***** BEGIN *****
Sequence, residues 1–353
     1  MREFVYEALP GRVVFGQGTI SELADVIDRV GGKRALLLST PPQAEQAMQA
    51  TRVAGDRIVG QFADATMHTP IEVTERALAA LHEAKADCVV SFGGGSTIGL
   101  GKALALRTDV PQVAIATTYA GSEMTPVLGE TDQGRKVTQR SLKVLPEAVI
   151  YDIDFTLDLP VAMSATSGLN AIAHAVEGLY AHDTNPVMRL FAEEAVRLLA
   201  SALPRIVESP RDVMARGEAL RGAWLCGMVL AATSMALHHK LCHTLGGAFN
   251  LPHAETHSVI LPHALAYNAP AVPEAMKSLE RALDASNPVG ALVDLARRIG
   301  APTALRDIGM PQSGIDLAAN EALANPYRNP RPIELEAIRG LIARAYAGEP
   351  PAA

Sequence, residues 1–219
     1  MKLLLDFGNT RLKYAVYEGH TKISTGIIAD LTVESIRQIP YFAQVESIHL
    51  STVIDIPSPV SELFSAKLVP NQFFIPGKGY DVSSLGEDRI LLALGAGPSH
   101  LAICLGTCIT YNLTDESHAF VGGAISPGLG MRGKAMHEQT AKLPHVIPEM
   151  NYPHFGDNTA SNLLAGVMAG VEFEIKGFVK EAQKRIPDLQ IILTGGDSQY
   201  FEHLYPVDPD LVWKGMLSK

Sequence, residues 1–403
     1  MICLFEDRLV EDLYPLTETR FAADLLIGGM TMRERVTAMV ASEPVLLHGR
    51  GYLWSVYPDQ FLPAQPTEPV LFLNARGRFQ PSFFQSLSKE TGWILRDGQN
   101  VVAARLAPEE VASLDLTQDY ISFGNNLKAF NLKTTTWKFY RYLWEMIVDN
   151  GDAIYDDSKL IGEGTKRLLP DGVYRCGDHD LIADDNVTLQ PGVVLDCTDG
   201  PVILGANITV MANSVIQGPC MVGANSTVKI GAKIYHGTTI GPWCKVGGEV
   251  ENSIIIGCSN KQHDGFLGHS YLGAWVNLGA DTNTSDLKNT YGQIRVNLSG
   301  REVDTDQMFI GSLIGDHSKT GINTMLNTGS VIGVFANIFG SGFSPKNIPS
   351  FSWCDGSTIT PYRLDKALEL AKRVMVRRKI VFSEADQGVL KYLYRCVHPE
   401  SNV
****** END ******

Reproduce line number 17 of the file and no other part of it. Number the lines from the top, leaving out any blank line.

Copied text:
     1  MICLFEDRLV EDLYPLTETR FAADLLIGGM TMRERVTAMV ASEPVLLHGR